Winter Tire Installation Hopewell VA

There are no clear answers as to when you should put on your winter tires. Obviously, where you live matters, as does the intensity of the winter season. Aim for changing them when the weather worsens, but don't wait too long. Going to the shop earlier in the season involves less waiting for you.

A Seredni Tire & Auto Center
(804) 271-6617
6445 Iron Bridge Road
Richmond, VA
Services
Auto Service & Repair, Auto Tire Shop Equipment & Supplies, Auto Inspection

Firestone Complete Auto Care Store
404 Cavalier Sq
Hopewell, VA
Hours
Monday-Friday: 7:00 am - 6:00 pm Saturday: 7:00 am - 6:00 pm Sunday: Closed

Leete Tire & Auto
(804) 541-7929
3221 Oaklawn Blvd
Hopewell, VA
Services
Car Washes, Car Detailing, Tire Shops

Firestone Tire & Service Centers
(804) 458-8545
404 Cavalier Sq
Hopewell, VA
Services
Car Washes, Car Detailing, Tire Shops

Balch Automotive
(804) 748-2323
12920 Old Stage Rd
Chester, VA
Hours
Monday - Friday: 8:00AM-5:00PM,

Bottoms Bridge Tire & Auto
(804) 932-9920
3025 Pocahontas Trail
Quinton, VA
Services
Auto Service & Repair, Auto Tire Shop Equipment & Supplies, Lawn Mower Sharpening & Repair, Wheelchair Lifts & Scooters
Products
Sales, Service, Wheelchair Lifts

Pearson Tire Co
(804) 541-8088
711 S 15th Ave
Hopewell, VA
Hours
Monday - Friday: 8:00AM-5:30PM,

Harrison Tire & Auto Service
202 E City Point Road
Hopewell, VA
 
Firestone Complete Auto Care Store
A Ave & 6Th St
Fort Lee, VA
Hours
Monday-Friday: 6:00 am - 6:00 pm Saturday: 6:00 am - 5:00 pm Sunday: Closed

Colonial Honda
(804) 733-0700
2100 Walthall Center D
Chester, VA
 

How and When to Change from Summer to Winter Tires

How and When to Change from Summer to Winter Tires By Alison Lakin, Associate Editor

When the warm summer air gives way to the chill of an impending winter, some of you are probably thinking more about fading tans and lost beach days than you are about car care. We understand that anything related to cold weather might be a sore subject. However, winter tires (also known as "snow tires") are tremendously important for your safety if you live in a snowy climate, and it's important to know when to switch over to them.

The Basics
Winter tires, marked with a snowflake symbol, are made with special low temperature resiliant rubber compounds and have deep treads that grip unplowed snow, ice and other inclement conditions under your wheels. All-season tires, regardless of being branded with M+S for Mud and Snow, might not be suitable in heavy snow.

Robert Abram, Product Planning Manager at Yokohama Tire Corporation describes the difference: "The compounding and tread designs for winter tires are altered from traditional all-season tires to maximize grip. Even the best all-season tires have compounds that get more brittle as the temperature drops, and when that happens, the tires tend to grip less. The winter tire compound remains pliable when temperatures are low, retaining grip."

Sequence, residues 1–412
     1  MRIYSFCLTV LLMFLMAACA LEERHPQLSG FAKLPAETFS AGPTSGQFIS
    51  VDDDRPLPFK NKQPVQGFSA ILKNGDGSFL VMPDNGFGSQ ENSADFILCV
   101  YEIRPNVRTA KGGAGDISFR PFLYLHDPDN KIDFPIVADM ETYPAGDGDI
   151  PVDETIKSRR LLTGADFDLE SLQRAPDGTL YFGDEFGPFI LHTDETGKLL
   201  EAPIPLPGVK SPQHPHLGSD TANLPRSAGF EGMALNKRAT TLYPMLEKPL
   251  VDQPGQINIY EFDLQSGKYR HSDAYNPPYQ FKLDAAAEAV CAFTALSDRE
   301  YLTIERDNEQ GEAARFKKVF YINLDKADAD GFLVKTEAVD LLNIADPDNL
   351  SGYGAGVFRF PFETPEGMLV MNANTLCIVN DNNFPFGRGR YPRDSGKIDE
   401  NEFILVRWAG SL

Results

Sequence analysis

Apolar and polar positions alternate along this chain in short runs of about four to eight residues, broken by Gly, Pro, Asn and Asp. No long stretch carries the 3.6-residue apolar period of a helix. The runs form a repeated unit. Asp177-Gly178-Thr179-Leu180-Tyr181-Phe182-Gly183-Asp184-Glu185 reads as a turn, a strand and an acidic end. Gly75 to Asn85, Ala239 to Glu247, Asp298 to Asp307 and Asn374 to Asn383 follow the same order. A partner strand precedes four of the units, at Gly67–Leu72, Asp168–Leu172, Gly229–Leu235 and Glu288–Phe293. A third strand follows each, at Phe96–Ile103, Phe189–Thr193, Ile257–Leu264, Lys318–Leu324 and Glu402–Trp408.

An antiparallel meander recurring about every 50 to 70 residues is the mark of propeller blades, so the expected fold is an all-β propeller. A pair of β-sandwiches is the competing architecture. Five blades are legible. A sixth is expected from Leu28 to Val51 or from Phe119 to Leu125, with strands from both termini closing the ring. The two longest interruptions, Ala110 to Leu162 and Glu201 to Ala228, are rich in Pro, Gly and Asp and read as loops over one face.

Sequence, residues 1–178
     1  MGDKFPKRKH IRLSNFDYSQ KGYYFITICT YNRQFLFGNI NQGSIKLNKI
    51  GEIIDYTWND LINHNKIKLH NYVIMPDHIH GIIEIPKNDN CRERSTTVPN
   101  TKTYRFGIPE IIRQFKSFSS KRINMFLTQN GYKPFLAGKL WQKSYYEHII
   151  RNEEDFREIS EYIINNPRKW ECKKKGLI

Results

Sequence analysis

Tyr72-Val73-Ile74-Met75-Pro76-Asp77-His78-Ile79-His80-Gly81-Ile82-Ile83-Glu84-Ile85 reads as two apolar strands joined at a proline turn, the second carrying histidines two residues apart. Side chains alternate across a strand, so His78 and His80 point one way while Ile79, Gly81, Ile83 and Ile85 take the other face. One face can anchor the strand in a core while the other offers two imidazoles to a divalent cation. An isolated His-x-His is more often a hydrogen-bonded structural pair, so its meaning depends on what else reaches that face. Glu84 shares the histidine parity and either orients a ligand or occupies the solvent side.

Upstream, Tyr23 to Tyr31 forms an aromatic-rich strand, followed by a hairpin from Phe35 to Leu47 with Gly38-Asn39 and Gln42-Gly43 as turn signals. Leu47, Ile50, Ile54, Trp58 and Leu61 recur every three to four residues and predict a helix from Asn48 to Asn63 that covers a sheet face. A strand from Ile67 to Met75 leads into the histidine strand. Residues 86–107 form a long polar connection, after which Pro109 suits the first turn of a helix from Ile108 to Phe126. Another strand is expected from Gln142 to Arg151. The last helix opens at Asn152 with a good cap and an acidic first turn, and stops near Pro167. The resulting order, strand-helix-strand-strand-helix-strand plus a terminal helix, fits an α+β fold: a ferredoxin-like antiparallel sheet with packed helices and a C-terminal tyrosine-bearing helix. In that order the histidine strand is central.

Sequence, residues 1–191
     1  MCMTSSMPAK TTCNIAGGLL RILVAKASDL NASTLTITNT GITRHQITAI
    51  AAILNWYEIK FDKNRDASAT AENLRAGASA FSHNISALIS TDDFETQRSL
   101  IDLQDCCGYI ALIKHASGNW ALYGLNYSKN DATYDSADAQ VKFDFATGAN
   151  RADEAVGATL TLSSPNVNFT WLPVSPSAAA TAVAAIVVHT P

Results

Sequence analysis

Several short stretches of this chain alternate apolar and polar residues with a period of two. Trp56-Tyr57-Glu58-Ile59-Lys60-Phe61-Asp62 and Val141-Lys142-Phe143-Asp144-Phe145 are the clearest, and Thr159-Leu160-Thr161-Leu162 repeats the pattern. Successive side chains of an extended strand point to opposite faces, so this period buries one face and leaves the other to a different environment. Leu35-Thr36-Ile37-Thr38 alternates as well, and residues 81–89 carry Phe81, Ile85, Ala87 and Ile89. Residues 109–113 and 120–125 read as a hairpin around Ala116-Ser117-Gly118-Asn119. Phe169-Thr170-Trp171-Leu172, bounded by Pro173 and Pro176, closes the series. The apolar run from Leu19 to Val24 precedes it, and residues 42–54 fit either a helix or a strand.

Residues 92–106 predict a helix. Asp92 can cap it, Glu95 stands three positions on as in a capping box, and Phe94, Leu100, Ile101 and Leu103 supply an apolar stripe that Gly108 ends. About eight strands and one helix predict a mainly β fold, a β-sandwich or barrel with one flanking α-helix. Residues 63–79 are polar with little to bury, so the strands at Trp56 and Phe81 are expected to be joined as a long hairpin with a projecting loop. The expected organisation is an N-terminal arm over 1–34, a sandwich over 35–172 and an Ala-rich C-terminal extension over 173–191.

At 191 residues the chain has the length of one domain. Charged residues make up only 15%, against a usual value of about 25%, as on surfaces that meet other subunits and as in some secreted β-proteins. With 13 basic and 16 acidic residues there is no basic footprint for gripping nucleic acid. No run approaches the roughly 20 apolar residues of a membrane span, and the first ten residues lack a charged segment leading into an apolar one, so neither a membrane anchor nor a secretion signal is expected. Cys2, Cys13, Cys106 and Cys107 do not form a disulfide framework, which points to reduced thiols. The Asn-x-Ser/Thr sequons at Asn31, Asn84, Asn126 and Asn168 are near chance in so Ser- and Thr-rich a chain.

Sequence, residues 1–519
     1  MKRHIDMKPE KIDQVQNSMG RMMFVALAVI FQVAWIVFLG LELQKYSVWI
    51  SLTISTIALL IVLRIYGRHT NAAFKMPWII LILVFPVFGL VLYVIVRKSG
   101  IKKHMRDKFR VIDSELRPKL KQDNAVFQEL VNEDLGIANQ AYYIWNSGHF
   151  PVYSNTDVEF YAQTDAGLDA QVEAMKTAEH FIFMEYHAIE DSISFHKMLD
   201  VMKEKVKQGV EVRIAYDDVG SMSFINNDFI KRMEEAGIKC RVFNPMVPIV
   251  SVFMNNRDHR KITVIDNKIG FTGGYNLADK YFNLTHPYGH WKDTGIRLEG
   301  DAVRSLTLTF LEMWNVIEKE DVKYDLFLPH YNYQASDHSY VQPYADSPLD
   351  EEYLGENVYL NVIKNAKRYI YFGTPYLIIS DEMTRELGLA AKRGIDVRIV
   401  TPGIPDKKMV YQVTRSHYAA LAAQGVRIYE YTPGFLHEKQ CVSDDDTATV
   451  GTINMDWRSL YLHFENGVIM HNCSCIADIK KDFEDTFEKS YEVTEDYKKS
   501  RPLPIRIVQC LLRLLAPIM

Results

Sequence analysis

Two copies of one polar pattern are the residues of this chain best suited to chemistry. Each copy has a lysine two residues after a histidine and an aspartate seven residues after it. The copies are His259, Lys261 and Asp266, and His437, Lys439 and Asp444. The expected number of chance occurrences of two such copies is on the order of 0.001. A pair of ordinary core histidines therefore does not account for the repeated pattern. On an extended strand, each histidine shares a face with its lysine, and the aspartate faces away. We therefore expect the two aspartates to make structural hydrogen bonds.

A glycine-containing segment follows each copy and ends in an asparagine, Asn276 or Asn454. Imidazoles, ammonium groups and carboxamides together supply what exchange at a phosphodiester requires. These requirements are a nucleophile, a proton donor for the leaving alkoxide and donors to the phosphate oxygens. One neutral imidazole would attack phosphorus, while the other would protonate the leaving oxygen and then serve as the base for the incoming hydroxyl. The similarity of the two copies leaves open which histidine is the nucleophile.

Without grip, most of your car's safety functions - like all-wheel drive and anti-lock brakes - can't do their jobs correctly.

Doug Brown, brand category manager for BFGoodrich Tires agrees. "Having a second set of dedicated snow tires gives you a margin of safety and a sense of security to get where you're going," he says. "You will increase your ability to start on a hill, stop the vehicle and to maneuver in deep snow that can't be achieved with conventional tires."

Winter tires also come in studded form. Adding 100 little studs to your tires makes for a safer ride on ice; however, the use of studded tires isn't always allowed due to the damage they cause on clear roads.

Even if you have two-wheel drive, you should put snow tires on every wheel of your vehicle. Putting them only on the front wheels of a front-wheel drive car can cause spinouts or result in diminished steering capabilities in a rear-wheel drive car. Trust us, it's worth the extra dough to do all four wheels at once.

When To Change Them
There are no clear answers as to when you should put on your winter tires. Obviously, where you live matters, as does the intensity of the winter season. Aim for changing them when the weather worsens, but don't wait too long. Going to the shop earlier in the season involves less waiting for you. Better to have them on too soon than leave it until you wake up to a foot of snow on the ground and your car stuck for the day.

While you can technically leave winter tires on your wheels year-round, we recommend against it.

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